This snippet from the Financial Times, brought to our attention by Wings Over Scotland, perfectly illustrates the principal weapon deployed by Better Together/Project Fear during the first independence referendum campaign – doubt.
The rules governing this form of negative propaganda are very simple. Where there is doubt, exaggerate it. Take the normal uncertainties of life and massively overstate them. Hyperbolise them. Use the media to make the commonplace incertitudes that would otherwise pass unnoticed loom huge, dark and ominous in the minds of voters.
Where there is no doubt, create it. There is nothing at all “contentious” about the post-independence division of mineral rights. The land and maritime borders defining Scotland’s sovereign territory already exist. They are governed by international laws and conventions. Disputes are arbitrated by international bodies under well defined procedures. There is almost no scope for contentiousness. There is no meaningful doubt.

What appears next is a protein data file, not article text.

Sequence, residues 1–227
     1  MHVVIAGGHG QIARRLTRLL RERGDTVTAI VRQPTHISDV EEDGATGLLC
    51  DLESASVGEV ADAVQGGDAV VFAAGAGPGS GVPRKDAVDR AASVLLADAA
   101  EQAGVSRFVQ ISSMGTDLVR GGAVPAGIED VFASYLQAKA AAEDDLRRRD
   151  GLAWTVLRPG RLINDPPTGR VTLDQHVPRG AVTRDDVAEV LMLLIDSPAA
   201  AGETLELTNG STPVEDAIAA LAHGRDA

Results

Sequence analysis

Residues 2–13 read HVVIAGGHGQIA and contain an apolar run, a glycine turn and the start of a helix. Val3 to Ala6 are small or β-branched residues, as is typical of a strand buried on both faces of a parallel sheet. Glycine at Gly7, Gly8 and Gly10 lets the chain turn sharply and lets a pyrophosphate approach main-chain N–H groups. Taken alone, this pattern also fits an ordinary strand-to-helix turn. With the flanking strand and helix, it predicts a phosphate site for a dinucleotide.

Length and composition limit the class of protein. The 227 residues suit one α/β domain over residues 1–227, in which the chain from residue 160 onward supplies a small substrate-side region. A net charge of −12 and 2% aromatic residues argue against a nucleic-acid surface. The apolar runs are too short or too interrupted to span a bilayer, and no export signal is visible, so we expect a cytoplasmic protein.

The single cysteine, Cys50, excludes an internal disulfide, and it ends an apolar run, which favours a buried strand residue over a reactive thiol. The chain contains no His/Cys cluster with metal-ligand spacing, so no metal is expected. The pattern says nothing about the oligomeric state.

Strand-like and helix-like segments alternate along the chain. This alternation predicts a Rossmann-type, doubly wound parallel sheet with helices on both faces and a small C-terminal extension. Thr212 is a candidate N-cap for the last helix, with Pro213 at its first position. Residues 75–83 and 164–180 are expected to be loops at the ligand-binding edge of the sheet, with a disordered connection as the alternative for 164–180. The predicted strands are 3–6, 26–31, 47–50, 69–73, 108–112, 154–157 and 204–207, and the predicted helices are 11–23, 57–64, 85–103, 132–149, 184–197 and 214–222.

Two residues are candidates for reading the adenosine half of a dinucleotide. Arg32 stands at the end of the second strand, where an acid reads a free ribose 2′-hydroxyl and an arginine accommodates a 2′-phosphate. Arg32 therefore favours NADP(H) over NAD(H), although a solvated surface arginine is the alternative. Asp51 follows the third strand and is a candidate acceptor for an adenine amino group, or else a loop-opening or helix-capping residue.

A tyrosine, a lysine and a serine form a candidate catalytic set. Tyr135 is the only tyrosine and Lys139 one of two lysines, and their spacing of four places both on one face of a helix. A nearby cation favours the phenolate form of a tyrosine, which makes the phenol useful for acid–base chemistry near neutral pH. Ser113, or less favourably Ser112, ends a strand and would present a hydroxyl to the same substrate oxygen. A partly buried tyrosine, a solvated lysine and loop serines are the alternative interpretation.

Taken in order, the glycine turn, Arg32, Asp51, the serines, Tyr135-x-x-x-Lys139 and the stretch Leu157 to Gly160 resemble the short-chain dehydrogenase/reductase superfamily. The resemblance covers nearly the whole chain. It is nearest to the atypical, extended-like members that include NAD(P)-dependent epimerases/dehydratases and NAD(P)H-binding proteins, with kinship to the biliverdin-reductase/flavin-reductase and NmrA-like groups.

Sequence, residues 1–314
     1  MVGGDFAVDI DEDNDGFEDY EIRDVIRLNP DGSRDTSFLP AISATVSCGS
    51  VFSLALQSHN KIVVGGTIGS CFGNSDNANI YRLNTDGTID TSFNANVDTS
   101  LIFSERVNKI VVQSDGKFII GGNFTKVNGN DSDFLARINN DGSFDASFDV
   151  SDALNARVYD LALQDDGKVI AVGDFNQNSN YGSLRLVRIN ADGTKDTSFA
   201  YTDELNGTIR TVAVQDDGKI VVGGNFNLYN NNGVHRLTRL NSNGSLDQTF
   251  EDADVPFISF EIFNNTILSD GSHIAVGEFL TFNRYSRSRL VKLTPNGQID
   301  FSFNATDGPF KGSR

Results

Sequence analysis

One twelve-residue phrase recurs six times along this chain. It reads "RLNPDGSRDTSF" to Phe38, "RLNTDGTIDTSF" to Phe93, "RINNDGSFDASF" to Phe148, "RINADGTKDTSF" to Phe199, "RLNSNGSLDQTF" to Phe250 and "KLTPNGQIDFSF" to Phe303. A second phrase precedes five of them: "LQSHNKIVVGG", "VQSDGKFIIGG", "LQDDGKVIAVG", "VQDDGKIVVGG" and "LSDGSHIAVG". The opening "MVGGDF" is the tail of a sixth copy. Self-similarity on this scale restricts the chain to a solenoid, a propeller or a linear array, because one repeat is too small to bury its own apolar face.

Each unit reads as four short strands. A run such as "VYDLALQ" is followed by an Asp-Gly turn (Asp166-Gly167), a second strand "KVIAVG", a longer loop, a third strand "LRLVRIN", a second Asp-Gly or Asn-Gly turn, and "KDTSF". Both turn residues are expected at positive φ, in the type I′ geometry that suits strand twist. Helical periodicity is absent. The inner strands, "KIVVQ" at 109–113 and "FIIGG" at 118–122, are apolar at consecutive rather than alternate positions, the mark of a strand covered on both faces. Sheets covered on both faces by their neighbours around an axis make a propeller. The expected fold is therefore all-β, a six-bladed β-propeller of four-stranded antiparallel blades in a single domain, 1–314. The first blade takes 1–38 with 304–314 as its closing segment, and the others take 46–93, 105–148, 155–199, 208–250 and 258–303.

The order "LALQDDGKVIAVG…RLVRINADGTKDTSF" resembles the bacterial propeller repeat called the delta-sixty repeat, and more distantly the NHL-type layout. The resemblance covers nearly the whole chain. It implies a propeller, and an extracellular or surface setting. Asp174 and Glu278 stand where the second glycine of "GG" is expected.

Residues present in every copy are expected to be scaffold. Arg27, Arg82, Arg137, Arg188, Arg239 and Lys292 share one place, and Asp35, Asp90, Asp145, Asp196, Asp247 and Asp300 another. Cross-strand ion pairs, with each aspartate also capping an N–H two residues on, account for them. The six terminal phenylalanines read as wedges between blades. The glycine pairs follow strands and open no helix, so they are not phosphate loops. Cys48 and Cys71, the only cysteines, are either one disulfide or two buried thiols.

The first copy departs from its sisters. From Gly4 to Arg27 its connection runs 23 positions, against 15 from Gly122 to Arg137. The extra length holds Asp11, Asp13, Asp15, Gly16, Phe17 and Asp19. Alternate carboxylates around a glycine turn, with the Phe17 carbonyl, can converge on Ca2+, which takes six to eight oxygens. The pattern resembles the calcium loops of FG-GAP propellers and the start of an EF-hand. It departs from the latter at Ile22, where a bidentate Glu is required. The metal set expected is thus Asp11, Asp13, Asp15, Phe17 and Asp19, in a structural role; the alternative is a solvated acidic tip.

So lie about it! Create doubt where none exists. Where truth is inconvenient, manufacture a new truth which better serves the purposes of established power.
This is not to suggest a ‘conspiracy’ of any kind. It is vanishingly unlikely that there was an editorial meeting at which it was decided to purposefully generate doubt about ownership of oil in Scottish waters. It’s actually worse than that. The British media now do this kind of thing instinctively.
The dishonesty of the British media is not necessarily intentional and actively malign. It is just as likely to be unthinking and passively contemptuous.